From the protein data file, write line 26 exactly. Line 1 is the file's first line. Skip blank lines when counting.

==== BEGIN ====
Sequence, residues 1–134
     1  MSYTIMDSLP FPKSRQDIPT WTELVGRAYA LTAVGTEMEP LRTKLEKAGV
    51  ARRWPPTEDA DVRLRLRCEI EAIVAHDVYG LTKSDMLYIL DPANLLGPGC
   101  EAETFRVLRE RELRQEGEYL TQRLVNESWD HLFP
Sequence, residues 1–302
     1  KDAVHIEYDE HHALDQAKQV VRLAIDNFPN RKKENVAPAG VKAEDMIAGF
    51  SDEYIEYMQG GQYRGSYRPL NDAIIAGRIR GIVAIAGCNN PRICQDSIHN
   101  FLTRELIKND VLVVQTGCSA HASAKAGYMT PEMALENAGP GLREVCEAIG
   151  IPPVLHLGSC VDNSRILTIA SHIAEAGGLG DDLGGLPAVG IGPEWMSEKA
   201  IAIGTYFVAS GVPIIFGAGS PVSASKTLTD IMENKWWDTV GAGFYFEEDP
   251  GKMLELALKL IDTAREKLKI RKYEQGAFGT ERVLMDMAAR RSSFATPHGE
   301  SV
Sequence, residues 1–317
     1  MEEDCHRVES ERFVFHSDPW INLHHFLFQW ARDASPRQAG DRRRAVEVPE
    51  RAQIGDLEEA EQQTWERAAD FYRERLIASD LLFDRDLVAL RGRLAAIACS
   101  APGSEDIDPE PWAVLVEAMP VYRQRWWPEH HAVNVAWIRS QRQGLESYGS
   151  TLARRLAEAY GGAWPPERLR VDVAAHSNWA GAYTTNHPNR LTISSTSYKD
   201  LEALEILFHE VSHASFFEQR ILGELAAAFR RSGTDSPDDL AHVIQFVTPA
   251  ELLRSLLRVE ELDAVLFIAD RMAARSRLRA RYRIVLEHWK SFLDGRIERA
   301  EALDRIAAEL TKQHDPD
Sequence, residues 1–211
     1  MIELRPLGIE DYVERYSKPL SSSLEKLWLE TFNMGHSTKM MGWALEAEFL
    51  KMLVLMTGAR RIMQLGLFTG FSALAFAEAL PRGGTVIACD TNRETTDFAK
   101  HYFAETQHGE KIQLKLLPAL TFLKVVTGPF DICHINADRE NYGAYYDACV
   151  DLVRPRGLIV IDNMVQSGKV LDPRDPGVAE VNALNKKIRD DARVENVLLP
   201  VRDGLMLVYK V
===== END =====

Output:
   201  VRDGLMLVYK V